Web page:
The goal of the new CBA was to make it hard and expensive on teams used to just spending to get what they want. The Lakers are a great example of how that is going to work.

Aaron Gordon both legs over the mascot, ball-under-the-legs dunk (VIDEO)

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TORONTO — Zach LaVine won the NBA All-Star Saturday Dunk Contest, but in an epic night for my money this was the single best dunk.

Orlando’s Aaron Gordon broke ground with this one — guys have jumped over mascots and other players before (and a Kia hood), but by splitting their legs apart. Gordon just put both legs over Stuff (that’s the mascot’s name, Stuff the Magic Dragon, I don’t make this up) — and took the ball off the mascot’s head, went under his legs, and threw it down.

Insane.

Gordon deserved a trophy for his performance in this dunk contest.

Zach LaVine edges Aaron Gordon in epic, insane Dunk Contest

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TORONTO — That. Was. Amazing.

In a dunk contest that will go down with the all-time greats — Jordan vs. Dominique, Dr. J from the free throw line — Minnesota’s Zach LaVine defended his dunk contest title. Barely. Because Orlando’s Aaron Gordon was doing dunks nobody had ever seen before.

And LaVine was bringing it just as hard.

The two men advanced to the finals — dismissing Will Barton and Andre Drummond, each of whom had good dunks — and that was when it got wild.

There were four second-round dunks, and four perfect scores of 50. (That was in spite of Shaq, who wanted to give nines for second attempts.)

“I was prepared for four (second round dunks),” LaVine said. “To tell the truth, he came with something that no one else has done. He did two dunks that were just crazy with the mascots, jumping over them. We just kept pushing each other until the last dunk. I’ve got to give it up to my boy Will “The Thrill” Barton. It’s because of him I think I won. Because he said try to go from the free-throw line. I’d never done that before, and I just tried it. So I guess it was a great dunk. I think it was the best one ever.”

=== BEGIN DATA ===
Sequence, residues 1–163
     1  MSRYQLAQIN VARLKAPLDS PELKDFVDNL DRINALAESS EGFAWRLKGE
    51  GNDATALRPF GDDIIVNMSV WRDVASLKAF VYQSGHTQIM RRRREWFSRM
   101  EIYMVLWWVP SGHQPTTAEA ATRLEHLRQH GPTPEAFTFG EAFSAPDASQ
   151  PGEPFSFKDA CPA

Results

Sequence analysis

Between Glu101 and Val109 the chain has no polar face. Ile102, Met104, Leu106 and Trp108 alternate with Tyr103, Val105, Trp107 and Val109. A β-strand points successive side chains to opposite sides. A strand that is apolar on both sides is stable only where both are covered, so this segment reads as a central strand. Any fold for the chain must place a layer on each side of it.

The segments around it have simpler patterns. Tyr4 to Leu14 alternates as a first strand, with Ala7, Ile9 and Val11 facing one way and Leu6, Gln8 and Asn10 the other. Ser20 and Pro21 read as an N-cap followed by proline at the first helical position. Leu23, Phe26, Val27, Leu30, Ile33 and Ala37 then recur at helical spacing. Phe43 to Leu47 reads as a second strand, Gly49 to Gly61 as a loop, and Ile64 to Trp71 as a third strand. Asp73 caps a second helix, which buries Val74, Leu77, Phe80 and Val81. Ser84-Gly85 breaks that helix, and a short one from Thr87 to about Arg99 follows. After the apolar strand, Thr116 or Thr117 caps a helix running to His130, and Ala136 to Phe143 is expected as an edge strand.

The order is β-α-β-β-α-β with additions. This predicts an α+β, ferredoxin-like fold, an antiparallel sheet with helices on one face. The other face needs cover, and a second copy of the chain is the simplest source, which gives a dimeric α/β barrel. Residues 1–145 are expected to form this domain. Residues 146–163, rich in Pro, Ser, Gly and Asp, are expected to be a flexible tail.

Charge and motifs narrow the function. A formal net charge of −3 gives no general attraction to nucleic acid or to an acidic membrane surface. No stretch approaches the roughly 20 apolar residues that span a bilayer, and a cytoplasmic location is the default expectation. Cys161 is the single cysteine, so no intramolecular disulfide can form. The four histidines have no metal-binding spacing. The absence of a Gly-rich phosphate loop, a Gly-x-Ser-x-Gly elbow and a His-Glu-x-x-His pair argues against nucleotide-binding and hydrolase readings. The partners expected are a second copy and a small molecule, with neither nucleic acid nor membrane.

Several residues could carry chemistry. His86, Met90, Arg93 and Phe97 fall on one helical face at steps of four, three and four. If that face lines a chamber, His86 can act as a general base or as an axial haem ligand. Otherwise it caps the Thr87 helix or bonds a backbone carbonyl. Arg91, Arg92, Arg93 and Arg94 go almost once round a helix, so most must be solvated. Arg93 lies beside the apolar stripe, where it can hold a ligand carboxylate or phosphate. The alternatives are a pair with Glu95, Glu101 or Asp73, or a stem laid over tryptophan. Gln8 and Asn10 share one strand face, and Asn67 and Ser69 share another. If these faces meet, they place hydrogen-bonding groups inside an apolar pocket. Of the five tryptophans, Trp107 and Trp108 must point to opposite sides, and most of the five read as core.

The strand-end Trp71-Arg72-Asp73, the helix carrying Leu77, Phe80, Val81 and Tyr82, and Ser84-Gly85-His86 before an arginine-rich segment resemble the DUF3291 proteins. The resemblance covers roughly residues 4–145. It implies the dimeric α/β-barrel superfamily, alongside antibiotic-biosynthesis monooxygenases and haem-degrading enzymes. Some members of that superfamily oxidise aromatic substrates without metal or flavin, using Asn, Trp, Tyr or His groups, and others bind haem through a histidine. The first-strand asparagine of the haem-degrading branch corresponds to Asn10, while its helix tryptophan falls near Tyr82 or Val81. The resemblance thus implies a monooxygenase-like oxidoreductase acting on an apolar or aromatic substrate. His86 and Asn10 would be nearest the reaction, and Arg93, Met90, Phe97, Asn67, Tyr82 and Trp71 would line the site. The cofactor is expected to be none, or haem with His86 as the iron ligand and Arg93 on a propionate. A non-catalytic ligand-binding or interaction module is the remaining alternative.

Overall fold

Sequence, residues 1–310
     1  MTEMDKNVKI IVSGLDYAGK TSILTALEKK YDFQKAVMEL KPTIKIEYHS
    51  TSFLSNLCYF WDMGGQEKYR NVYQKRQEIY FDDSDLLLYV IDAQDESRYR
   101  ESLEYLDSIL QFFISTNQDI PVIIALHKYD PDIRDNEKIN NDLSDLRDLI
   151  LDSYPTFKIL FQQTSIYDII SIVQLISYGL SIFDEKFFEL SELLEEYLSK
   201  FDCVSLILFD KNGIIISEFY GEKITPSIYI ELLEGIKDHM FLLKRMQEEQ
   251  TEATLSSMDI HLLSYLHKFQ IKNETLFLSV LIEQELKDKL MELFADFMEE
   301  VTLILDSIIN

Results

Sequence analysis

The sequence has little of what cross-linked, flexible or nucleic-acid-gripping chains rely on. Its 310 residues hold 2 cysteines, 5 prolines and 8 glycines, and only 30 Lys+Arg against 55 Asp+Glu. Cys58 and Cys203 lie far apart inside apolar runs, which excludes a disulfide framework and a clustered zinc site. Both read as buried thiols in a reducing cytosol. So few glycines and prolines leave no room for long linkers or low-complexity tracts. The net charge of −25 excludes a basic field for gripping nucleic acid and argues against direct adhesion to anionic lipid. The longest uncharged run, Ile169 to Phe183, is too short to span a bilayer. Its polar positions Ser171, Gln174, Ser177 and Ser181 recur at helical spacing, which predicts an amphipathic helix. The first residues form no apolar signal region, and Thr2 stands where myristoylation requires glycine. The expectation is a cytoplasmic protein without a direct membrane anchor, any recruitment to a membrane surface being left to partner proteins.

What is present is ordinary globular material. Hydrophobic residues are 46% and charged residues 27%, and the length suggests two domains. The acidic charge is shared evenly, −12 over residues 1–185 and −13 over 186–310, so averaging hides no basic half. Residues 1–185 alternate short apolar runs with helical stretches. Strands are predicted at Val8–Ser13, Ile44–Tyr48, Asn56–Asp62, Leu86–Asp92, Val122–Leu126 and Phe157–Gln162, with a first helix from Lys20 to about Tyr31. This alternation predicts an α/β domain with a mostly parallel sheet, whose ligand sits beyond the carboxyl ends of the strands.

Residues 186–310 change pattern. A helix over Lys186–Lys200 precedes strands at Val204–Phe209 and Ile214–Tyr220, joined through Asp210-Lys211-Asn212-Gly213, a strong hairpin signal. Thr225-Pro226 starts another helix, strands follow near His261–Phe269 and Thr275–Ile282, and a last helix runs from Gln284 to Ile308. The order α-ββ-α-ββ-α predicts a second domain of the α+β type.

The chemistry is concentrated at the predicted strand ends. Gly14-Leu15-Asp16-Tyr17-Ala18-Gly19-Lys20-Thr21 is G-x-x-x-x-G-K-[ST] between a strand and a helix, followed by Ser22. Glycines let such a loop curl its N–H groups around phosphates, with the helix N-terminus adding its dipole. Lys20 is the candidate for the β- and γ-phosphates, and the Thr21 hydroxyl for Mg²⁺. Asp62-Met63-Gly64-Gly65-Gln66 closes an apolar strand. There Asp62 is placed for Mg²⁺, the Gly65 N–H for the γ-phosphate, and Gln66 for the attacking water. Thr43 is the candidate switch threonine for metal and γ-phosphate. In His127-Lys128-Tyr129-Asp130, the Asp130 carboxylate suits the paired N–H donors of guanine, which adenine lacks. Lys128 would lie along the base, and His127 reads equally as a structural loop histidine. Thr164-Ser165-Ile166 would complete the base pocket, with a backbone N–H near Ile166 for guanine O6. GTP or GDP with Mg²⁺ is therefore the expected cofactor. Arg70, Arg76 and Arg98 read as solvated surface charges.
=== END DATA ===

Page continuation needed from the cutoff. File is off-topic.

The Air Canada Centre crowd was exploding with every dunk. The two men went to a dunk-off — and got two more 50s.

“If I knew it was going to be like that, I would have prepared better and we would have been here dunking all night, going back 50 after 50 after 50 after 50,” Gordon said. “We would have been here all night. I didn’t know it was going to be like that. I was just hoping Zach was going to miss, and it wasn’t going to happen. You could see as my facial expressions when Zach dunks it, it’s like okay, that’s a 50. Like I know we’re going to have to dunk again.”

So they went to a second-round of overtime, where LaVine put up another 50 and won the contest.

Gordon was close to perfect.

Zach LaVine can flat-out fly.

Magic’s Aaron Gordon with the over-the-mascot mad dunk

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TORONTO — Aaron Gordon was giving Zach LaVine all he could handle in the Dunk Contest.

He blew the lid off the Air Canada Centre with this dunk in the first round — and it wasn’t even his best dunk of the night. Never seen this before.

This dunk contest was awesome, so much more video to come.

Zach LaVine opens Slam Dunk Contest title defense with spectacular behind-the-back slam (VIDEO)

during the BBVA Compass Rising Stars Challenge 2016 at Air Canada Centre on February 12, 2016 in Toronto, Canada. NOTE TO USER: User expressly acknowledges and agrees that, by downloading and/or using this Photograph, user is consenting to the terms and conditions of the Getty Images License Agreement.
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TORONTO — Zach LaVine clearly heard all the talk that Aaron Gordon or Will Barton had a chance to upset him in the Slam Dunk Contest. He came out ready to prove his superiority right off the bat. This behind-the-back slam was his first attempt of the night:

Even better was the reaction, both from Andre Drummond and from LaVine’s Minnesota teammates: